As soon as Gov. Charlie Baker filed his $3.5 billion economic development bill last month, municipal officials across the state were ready to pore over it, looking for what it offered their community, Newton Mayor Ruthanne Fuller said Monday.

"I love what the governor did," Fuller, the president of the Massachusetts Municipal Association, told lawmakers. "He included every single city and town in this. That's why we're all excited. This is an inclusive proposal. It's going to touch every single resident across the state."

Fuller was one of several mayors and local officials who testified on the bill at an Economic Development Committee hearing. Like others, she described a project in her community that would receive funding under the bill -- a streetscape enhancement effort for Pettee Square in Newton's Upper Falls area, which stands to get $3.1 million.

"It's shovel-ready," Fuller said. "All we need is your help."

Baker and Lt. Gov. Karyn Polito used much of their time before the committee to highlight local projects in line for funding through the bill (H 4270), which combines the state's remaining $2.3 billion in American Rescue Plan Act money with $1.2 billion in state bond authorizations. It includes funding for specific projects in all 351 cities and towns in Massachusetts.

Many of the projects Polito mentioned were in districts represented by committee members -- among them, demolition of Millville's old town hall in Rep. Michael Soter's district; revisioning of Main Street in Hyannis, which Rep. Kip Diggs represents; a planning and zoning review for Cliftondale Square in Saugus, represented by Rep. Jessica Giannino; and $5 million worth of lead service-line replacements in Sen. Michael Brady's hometown of Brockton.

"There are still too many projects that are not green-lighted because we haven't been able to dedicate the resources," Polito said. "This is our moment to do so."

Baker attached a sense of urgency to the bill. He said deadlines for committing and spending ARPA money -- 2024 and 2026, respectively -- and COVID-era supply chain constraints, coupled with the general complexities of planning construction projects, mean lawmakers should act quickly.

The governor cited recent projects in Ayer, Kingston and Easthampton that have run into delays.

"If we don't get those dollars into the hands of cities and towns across the state now so that they can begin the process associated with planning, designing and reimagining and jump-starting their local economies and their downtowns, we'll continue to see empty storefronts and quiet main streets for years to come," he said.

Baker's bill features nearly $970 million toward downtown and community revitalization efforts, $270 million in bond authorization supporting housing production, and $750 million in clean energy investments. It would steer $300 million to the Unemployment Trust Fund to address overpayments and green-light the sale of the Hynes Convention Center in Boston's Back Bay.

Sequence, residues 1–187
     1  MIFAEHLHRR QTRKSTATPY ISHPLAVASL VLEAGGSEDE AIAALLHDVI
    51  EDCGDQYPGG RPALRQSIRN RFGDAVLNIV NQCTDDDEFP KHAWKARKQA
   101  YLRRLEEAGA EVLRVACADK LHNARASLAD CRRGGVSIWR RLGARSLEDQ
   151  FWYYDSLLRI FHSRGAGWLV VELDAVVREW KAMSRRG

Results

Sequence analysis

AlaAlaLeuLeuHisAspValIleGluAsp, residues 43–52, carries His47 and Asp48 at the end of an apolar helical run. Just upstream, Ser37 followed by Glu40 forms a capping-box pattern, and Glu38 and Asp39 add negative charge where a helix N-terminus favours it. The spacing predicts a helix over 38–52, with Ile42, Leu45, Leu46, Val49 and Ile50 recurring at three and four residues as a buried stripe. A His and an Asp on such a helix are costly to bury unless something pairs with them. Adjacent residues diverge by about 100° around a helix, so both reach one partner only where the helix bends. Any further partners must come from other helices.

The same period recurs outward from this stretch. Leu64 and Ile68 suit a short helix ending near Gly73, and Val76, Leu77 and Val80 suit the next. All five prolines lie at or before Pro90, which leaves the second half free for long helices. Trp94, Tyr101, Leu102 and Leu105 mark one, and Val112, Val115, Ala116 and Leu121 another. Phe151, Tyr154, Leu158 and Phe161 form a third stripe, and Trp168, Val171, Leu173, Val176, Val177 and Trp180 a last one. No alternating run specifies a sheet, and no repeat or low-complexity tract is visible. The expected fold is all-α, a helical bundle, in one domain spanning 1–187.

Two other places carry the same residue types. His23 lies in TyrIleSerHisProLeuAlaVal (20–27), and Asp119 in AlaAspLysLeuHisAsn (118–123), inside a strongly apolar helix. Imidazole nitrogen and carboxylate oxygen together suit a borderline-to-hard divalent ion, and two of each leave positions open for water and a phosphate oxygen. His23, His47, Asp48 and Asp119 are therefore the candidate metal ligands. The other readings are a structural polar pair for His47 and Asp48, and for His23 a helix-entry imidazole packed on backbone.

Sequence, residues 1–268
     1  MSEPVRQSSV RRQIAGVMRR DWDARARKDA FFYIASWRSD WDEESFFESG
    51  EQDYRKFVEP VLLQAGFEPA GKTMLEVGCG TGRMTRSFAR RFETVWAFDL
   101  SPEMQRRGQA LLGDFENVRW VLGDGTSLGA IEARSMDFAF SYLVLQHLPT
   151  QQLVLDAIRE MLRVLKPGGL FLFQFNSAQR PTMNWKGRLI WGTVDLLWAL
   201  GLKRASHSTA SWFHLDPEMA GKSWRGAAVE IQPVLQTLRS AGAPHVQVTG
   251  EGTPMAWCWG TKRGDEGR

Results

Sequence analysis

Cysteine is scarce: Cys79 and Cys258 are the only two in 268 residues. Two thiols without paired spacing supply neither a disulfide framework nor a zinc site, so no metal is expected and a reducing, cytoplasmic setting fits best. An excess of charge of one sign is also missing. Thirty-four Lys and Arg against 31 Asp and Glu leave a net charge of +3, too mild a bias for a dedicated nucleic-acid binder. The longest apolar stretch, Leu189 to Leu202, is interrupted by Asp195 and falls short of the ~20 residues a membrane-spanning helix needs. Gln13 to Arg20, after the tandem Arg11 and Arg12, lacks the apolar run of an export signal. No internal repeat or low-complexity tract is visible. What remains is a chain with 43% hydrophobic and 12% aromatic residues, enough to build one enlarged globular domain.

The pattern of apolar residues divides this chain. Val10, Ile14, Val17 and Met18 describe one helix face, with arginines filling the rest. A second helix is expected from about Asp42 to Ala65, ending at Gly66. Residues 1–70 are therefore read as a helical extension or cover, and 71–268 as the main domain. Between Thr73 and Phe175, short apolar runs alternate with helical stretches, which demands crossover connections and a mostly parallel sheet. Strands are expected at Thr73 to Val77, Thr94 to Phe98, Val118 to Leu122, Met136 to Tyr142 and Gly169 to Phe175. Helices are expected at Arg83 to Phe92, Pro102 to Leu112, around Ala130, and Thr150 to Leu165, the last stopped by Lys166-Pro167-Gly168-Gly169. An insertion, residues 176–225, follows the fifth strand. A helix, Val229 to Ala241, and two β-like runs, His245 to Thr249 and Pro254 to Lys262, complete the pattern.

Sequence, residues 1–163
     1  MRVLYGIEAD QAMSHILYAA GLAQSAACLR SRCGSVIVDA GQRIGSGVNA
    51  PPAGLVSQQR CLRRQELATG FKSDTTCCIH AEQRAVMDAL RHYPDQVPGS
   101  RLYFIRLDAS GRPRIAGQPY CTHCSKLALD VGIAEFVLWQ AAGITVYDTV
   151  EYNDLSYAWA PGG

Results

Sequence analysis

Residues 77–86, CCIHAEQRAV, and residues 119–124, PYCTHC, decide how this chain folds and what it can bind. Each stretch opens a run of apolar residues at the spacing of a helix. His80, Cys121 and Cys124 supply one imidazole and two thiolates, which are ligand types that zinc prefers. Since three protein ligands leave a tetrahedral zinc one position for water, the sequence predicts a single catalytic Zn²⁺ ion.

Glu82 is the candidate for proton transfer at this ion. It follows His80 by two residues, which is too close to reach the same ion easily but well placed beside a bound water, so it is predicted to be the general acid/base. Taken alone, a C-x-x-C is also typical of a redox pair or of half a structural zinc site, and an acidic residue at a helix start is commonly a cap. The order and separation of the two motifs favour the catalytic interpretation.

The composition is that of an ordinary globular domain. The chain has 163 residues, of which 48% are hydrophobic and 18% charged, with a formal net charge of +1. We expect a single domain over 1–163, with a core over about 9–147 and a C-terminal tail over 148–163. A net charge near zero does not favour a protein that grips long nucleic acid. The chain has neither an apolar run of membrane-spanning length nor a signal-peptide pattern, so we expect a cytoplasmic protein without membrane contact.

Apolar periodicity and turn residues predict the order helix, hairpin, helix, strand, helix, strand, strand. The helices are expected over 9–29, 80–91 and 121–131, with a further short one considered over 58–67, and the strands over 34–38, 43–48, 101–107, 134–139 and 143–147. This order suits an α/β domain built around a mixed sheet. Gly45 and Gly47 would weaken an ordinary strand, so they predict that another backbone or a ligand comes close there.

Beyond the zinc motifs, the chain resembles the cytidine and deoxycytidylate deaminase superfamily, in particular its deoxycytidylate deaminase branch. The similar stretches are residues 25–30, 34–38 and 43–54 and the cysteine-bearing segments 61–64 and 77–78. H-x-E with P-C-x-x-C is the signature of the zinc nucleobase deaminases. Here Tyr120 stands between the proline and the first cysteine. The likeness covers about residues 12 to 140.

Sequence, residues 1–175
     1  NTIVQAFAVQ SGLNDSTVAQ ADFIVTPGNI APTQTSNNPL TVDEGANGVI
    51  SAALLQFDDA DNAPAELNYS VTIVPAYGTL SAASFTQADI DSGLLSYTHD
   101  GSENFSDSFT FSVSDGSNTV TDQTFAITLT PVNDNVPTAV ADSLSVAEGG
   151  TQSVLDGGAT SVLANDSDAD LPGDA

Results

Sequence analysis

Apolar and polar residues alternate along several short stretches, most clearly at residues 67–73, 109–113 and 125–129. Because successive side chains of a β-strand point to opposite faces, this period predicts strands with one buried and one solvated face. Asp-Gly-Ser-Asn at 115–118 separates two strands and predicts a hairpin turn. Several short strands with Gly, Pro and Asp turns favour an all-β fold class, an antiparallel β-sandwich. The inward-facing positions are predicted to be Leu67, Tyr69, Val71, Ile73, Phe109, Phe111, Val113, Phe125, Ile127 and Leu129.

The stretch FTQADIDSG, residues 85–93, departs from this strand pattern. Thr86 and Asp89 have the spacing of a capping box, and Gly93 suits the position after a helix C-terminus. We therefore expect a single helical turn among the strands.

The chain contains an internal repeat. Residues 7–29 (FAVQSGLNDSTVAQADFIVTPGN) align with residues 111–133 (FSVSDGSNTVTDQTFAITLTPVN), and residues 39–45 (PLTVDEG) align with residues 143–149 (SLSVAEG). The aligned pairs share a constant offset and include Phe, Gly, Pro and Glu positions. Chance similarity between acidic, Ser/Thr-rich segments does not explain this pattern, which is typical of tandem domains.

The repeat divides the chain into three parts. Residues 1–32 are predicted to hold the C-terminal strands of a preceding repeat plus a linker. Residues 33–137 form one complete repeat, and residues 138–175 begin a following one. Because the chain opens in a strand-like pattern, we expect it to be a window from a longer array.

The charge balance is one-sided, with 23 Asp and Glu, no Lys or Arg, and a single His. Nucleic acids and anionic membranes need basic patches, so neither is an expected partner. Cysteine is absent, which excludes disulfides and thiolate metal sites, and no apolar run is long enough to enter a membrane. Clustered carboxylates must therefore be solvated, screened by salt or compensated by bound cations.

Over the past several years, passage of a major, pre-election economic development bill has been a tradition at the end of each two-year legislative session, and lawmakers often load those bills up with local earmarks and policy riders to ensure their priorities reach the governor's desk.

Housing policy is one area that's inspired amendments and debate in past economic development bills and this cycle could also be somewhere that the committee or individual lawmakers seek to build on what Baker has proposed.

The Greater Boston Real Estate Board, which opposes rent-control policies, wrote to lawmakers Monday, noting that "advocates may use this opportunity in considering the economic development bill to call for the passage of rent control."

CEO Greg Vasil said in the letter that housing construction "plummeted" in St. Paul, Minnesota, after voters there approved a rent control initiative, and called Baker's bill a "strong step in the right direction" on housing because it dedicates "hundreds of millions of dollars to housing construction and rehabilitation."

Formal legislative sessions end on July 31, and the biennial economic development package in recent years has been one of the final bills passed as the morning of Aug. 1 approaches. Baker indicated he anticipates a similar timeline this year, which would have him weighing completed legislation in the early days of August.

"I think every economic development bill that's been done since we've been here pretty much came out of the Legislature at around the last day of session, which makes sense," he said after testifying. "I mean, I completely understand that."

Baker said he's been having conversations with House Speaker Ron Mariano and Senate President Karen Spilka about the legislation, characterizing those talks as "fluid."